For hospitals and physicians in particular, such an increase in the federal match means that the care hospitals classify as unreimbursed or charity will now become eligible for payment in a way that it didn't before. "It will take some of the burden away," Lavarreda says.
One revelation in the UCLA report is how lopsided the burden of uninsured is distributed throughout the state. In 2009, for example, Bay Area counties, including San Francisco, Santa Clara, Alameda, San Mateo, Marin, and Napa and counties in the Sacramento area all had less than 20.4% uninsured.
However, among counties in Southern California and the San Joaquin Valley and smaller counties in the Northern California and Sierra regions nearly all exceeded 25%. The Central Coast had percentages of uninsured higher than the Bay Area, but lower than in Southern and Northern California and the San Joaquin Valley.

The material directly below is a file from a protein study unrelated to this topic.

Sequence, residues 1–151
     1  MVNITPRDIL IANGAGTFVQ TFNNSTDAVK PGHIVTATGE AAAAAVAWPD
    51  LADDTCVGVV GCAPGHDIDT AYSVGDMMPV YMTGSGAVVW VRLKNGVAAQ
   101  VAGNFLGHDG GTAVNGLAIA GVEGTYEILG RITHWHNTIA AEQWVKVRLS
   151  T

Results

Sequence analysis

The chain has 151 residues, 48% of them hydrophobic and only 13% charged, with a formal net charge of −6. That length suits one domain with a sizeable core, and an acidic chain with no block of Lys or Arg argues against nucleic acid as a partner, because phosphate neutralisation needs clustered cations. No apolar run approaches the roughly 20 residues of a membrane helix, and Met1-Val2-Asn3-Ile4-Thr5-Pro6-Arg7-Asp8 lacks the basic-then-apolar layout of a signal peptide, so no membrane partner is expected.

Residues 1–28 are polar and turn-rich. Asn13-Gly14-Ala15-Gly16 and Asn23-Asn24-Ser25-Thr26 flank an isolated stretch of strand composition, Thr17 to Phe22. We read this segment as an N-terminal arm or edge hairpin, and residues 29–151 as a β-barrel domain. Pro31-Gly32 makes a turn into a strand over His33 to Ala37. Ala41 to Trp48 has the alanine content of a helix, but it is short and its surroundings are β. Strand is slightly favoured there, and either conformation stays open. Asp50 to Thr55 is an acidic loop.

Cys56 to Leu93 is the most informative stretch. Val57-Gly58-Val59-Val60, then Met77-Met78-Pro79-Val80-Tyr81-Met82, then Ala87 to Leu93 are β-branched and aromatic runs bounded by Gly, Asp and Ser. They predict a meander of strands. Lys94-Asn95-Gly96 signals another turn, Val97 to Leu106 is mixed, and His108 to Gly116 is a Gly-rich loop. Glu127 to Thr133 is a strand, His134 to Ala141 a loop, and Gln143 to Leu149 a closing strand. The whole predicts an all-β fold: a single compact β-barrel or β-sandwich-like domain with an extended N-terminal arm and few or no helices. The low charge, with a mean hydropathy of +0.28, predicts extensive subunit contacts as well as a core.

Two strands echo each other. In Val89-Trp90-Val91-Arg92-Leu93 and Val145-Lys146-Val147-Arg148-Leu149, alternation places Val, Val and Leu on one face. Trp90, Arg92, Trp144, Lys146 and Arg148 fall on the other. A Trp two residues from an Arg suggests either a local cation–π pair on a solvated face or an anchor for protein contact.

The UCLA policy brief says that job loss, foreclosures, and loss of insurance coverage has combined "to make families vulnerable to prolonged financial as well as health problems. "Given the ongoing effects of the recession throughout California, every effort should be made to help families in need even sooner than 2014."
Major elements of healthcare reform aimed at helping middle and lower-income families will not go into effect until 2014. Included among these provisions are federal subsidies for purchasing health insurance through a state-based health insurance exchange and a federally funded expansion of Medi-Cal.